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Re: [RFC][mid-end] Support vectorization of complex numbers using machine instructions.


Tamar Christina <Tamar.Christina@arm.com> writes:
> Hi Richard,
>> > [...]
>> > 3) So I abandoned vec-patterns and instead tried to do it in
>> > tree-vect-slp.c in vect_analyze_slp_instance just after the SLP tree
>> > is created.  Matching the SLP tree is quite simple and getting it to
>> > emit the right SLP tree was simple enough,except that at this point
>> > all data references and loads have already been calculated.
>> 
>> (3) seems like the way to go.  Can you explain in more detail why it didn't
>> work?  The SLP tree after matching should look something like this:
>> 
>>   REALPART_EXPR <*_10> = _4;
>>   IMAGPART_EXPR <*_10> = _13;
>> 
>>   _4 = .COMPLEX_ADD_ROT_90 (_12, _8)
>>   _13 = .COMPLEX_ADD_ROT_90 (_22, _6)
>> 
>>   _12 = REALPART_EXPR <*_3>;
>>   _22 = IMAGPART_EXPR <*_3>;
>> 
>>   _8 = REALPART_EXPR <*_5>;
>>   _6 = IMAGPART_EXPR <*_5>;
>> 
>> The operands to the individual .COMPLEX_ADD_ROT_90s aren't the
>> operands that actually determine the associated scalar result, but that's
>> bound to be the case with something that includes an internal permute.  All
>> we're trying to describe is an operation that does the right thing when
>> vectorised.
>> 
>> If you didn't have the .COMPLEX_ADD_ROT_90 and just fell back on mixed
>> two-operator SLP, the final node would be in the opposite order:
>> 
>>   _6 = IMAGPART_EXPR <*_5>;
>>   _8 = REALPART_EXPR <*_5>;
>> 
>> So if you're doing the matching after building the initial tree, you'd need to
>> swap the statements in that node so that _8 comes first and cancel the
>> associated load permute.  If you're doing the matching on the fly while
>> building the SLP tree then the subnodes should start out in the right order.
>
> Ah, I hadn't tried it this way because in the SLP version, I had originally started with looking
> at the complex fma, which would have a considerably longer match pattern.
>
>   _3 = c_14(D) + _2;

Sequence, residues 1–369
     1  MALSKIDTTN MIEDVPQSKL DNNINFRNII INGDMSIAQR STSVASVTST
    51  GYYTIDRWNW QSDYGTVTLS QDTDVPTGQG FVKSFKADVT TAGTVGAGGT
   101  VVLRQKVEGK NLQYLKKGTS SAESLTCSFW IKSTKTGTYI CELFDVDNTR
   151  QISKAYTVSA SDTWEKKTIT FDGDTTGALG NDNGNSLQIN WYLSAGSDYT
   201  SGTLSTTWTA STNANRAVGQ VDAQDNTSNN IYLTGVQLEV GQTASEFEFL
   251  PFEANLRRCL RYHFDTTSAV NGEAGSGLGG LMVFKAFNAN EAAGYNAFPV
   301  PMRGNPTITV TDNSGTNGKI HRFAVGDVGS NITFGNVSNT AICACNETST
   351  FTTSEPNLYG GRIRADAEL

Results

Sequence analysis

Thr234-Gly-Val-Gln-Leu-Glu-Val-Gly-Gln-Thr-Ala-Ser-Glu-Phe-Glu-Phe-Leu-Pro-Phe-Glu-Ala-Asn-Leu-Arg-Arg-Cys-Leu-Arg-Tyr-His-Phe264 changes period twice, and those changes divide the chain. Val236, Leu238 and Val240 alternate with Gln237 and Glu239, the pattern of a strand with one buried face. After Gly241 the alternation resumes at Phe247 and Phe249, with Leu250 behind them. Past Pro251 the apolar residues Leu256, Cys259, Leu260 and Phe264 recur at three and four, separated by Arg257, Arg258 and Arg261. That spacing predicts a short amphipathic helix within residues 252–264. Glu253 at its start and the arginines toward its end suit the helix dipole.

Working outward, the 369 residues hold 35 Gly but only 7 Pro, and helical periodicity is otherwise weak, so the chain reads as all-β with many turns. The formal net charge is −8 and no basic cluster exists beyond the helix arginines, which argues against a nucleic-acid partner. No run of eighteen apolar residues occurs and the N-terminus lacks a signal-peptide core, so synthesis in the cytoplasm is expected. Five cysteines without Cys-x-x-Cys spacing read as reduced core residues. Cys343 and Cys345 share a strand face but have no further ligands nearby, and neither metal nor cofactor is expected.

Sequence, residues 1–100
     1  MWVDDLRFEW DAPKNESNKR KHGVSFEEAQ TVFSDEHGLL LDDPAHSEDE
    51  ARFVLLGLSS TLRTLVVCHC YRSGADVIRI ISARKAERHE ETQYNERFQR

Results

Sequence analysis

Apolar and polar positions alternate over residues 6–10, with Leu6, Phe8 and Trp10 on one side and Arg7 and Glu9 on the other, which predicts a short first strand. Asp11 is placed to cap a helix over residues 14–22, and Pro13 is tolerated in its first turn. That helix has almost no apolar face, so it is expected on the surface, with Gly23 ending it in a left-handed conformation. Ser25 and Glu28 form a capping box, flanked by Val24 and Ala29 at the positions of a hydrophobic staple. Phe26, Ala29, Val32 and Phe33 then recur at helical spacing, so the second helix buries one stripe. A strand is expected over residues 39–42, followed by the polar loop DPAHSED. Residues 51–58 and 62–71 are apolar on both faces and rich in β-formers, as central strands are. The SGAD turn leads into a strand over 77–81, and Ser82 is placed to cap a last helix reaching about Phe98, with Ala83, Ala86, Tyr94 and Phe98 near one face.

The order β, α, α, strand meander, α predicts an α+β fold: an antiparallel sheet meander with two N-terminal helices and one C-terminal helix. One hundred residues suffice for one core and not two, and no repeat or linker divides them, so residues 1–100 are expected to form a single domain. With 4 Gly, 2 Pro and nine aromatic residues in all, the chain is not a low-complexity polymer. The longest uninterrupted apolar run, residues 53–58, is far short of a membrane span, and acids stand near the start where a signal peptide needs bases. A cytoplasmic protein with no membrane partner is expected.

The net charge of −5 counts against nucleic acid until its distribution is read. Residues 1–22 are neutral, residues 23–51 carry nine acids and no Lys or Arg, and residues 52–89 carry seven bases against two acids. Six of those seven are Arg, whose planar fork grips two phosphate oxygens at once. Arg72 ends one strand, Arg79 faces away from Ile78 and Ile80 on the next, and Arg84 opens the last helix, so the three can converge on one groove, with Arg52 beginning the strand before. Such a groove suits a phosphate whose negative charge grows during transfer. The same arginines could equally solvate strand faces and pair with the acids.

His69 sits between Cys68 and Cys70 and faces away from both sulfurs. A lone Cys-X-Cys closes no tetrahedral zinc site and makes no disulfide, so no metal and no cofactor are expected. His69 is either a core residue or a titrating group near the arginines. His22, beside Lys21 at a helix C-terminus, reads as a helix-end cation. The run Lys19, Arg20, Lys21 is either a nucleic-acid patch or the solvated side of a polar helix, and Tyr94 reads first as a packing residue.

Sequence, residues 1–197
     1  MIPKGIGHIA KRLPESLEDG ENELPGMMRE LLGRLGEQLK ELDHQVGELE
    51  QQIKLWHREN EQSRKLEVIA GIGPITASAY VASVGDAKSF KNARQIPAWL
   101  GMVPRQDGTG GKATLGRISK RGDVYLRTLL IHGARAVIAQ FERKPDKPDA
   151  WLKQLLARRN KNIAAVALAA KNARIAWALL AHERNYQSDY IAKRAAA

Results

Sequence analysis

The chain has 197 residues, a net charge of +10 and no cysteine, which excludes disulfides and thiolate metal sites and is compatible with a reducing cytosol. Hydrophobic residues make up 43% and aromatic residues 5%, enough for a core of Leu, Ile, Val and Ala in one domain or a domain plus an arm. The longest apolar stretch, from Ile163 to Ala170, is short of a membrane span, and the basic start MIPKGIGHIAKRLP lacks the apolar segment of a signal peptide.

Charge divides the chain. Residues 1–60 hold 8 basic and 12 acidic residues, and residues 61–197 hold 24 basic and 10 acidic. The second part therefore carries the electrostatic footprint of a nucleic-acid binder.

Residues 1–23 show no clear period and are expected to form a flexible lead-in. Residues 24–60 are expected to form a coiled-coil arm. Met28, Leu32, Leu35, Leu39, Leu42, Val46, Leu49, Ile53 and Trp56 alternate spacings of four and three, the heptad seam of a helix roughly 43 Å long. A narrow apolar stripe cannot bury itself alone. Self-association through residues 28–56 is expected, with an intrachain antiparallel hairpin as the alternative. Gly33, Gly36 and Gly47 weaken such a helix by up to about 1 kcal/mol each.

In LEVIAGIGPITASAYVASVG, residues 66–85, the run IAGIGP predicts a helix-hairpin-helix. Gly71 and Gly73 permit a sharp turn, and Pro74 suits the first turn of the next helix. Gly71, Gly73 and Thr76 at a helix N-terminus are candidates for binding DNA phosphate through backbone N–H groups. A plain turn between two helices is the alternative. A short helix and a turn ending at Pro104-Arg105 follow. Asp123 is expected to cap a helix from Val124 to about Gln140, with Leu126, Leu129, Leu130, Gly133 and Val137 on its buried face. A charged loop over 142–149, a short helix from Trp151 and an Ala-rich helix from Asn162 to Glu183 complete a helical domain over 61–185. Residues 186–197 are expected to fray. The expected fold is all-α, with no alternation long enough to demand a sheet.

>   _11 = REALPART_EXPR <*_3>;
>   _21 = IMAGPART_EXPR <*_3>;
>   _5 = a_15(D) + _2;
>   _22 = REALPART_EXPR <*_5>;
>   _12 = IMAGPART_EXPR <*_5>;
>   _7 = b_16(D) + _2;
>   _19 = REALPART_EXPR <*_7>;
>   _20 = IMAGPART_EXPR <*_7>;
>   _25 = _19 * _22;
>   _26 = _12 * _20;
>   _27 = _20 * _22;
>   _28 = _12 * _19;
>   _29 = _25 - _26;
>   _30 = _27 + _28;
>   _31 = _11 + _29;
>   _32 = _21 + _30;
>   REALPART_EXPR <*_3> = _31;
>   IMAGPART_EXPR <*_3> = _32;
>
> So In this case I should replace _31 and _32 right? but I can't remove the other statements otherwise it'll complain later about the missing references. I could replace _31 and _32 with something using all the variables I would need, however when I tried this previously in vect-patterns there was a block on build in functions with more than 4 arguments (and currently 3 is the limit for built in functions in the def file as well).  I don’t know if that same limitation is in place if I replace it in SLP.
>
> The complex add basically creates this vector
>
>  b⋅c - e⋅f + l 
>  b⋅e + c⋅f + n
>
> so I'd need 5 parameters and then I'm guessing the other expressions would be removed by DCE at some point?

Are you planning to make the FCMLA behaviour directly available
as an internal function or provide a higher-level one that does
a full complex multiply, with the target lowering that into
individual instructions where necessary?

Either way, each individual FCMLA should only need three scalar inputs.
Like with FCADD, it doesn't matter whether the operands to the individual
scalar FCMLAs are the ones (or the only ones) that determine the
associated FCMLA scalar result.  All the node needs to do is describe
something that would work when vectorised.

What to do with the intermediate results you don't need is an
interesting question :-).  Like you say, I was hoping DCE would
get rid of them later.  Does that not work?

Thanks,
Richard


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